Are Handwritten Thank You Notes Becoming Obsolete?

April 7, 2011 | By | Comments (2)


Part of me can't believe I even have the gall to ask that question. My grandmother would be turning over in her grave if she read blogs. But the other night, at a restaurant where I was sitting at a big round table with six other women—a mix of old friends and new acquaintances—the topic of thank you notes came up.

  Thank you note

OK, it was actually me who brought up the subject. 

Me: Do you still write thank yous?

Six other women (simultaneously): Of course!

My friends are so polite. But what does "polite" mean these days? A phone call has become an interruption. An ungrammatical text message is a perfectly acceptable way to invite someone to coffee on the spur of the moment (“u free? if so, meet in 15 min”). And the mail is full of paper that used to be trees.

So maybe it has become wasteful—or, dare I say, impolite?—to cut down another forest so we can mail anachronistic paper thank you notes.

At the restaurant the other night, the conversation continued.


Me: What about paper notes? With stamps? Do you mail them?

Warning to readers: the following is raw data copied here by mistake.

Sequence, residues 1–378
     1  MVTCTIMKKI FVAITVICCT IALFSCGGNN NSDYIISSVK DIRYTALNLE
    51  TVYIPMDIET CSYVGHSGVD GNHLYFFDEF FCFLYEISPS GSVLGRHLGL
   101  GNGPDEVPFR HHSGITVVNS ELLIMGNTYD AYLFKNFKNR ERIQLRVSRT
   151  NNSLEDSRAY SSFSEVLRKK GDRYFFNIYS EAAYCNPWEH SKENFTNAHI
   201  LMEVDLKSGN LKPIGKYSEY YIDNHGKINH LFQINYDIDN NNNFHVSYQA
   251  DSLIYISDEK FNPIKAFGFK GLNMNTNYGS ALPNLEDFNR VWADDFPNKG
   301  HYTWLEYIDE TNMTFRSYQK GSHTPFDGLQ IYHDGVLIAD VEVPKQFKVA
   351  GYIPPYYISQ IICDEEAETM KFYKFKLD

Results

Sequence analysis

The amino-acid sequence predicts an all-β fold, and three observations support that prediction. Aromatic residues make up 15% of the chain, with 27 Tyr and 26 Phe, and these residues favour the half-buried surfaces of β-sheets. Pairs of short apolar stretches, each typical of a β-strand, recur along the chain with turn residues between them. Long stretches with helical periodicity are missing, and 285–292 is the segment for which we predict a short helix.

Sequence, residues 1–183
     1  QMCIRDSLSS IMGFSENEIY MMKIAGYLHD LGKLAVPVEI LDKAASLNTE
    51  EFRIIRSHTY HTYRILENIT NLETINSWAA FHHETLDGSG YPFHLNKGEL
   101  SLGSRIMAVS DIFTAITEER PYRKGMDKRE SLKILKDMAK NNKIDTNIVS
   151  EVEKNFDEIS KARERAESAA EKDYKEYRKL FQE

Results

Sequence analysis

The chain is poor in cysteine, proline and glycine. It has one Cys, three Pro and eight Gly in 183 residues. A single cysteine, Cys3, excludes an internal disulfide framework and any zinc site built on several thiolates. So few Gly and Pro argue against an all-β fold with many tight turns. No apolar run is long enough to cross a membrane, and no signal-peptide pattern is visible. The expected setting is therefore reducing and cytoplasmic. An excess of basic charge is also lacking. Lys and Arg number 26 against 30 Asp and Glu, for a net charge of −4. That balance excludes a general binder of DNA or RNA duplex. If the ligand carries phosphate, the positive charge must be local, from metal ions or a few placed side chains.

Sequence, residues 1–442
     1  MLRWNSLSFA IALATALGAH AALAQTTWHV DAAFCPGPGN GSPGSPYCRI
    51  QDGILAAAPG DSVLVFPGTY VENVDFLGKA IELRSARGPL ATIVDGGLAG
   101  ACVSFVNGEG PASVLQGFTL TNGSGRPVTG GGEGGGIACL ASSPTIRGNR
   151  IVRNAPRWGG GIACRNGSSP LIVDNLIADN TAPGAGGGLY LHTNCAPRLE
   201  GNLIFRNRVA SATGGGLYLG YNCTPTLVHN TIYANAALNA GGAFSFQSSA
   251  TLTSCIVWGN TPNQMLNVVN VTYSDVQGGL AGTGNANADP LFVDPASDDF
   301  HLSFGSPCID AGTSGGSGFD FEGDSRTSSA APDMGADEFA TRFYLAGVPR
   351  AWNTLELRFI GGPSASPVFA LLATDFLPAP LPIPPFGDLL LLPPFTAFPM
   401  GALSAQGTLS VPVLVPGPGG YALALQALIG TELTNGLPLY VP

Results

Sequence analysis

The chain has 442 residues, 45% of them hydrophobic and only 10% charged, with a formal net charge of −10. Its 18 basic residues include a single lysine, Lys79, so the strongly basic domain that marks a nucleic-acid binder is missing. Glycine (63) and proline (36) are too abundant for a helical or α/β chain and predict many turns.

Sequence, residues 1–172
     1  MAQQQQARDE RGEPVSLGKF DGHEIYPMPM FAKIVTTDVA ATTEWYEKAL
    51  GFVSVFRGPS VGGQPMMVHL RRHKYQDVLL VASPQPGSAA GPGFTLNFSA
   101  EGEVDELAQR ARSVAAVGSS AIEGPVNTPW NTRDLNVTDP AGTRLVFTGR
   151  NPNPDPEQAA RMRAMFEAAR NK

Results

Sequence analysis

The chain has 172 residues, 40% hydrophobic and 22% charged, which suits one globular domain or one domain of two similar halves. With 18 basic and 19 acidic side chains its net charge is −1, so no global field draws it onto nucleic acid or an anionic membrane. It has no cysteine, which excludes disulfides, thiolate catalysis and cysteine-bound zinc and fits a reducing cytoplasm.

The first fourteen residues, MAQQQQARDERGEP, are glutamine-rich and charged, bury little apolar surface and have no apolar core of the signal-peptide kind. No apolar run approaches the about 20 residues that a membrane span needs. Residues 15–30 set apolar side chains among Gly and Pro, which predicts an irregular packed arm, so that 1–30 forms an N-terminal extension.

This time, everybody had a different answer. Here are some:

Sue: Yes! Absolutely!

Deana: Depends. If someone does something particularly nice, or thoughtful, then yes, you have to send a paper note.

Joan: Hit or miss. If I don’t write a thank you every time, I will do something else, later, that’s just as nice.

Lisa: Email can be OK, depending on what you are thanking people for.

Sheri: I write thank you notes all the time. On paper. It’s etiquette. You have to follow etiquette.

Which made me wonder: what exactly is “etiquette?” The dictionary defines it as "conventional requirements as to social behavior." Many decades ago, self-proclaimed “experts”—including wives of wealthy Victorian-era lawyers and turn-of-the century divorcees like Emily Post—realized they could make nice livings by writing books of rules for the rest of us to buy. Some of their advice parroted the conventional wisdom of their time; in other cases, they made up rules based on their whims or the norms of their upper-crust social class.

These days, we’re more likely to follow our own consciences than someone else's arbitrary rules. The main requirement for polite behavior in the 21st century seems to be: Avoid behaving in a way that makes others feel bad. Modern manners are a moving target, as the way we communicate with people changes….So, what does that mean for the future of thank you notes?

Maybe it’s OK to text: “thx, had great time w/ u.” If not, why not?

 (image courtesy of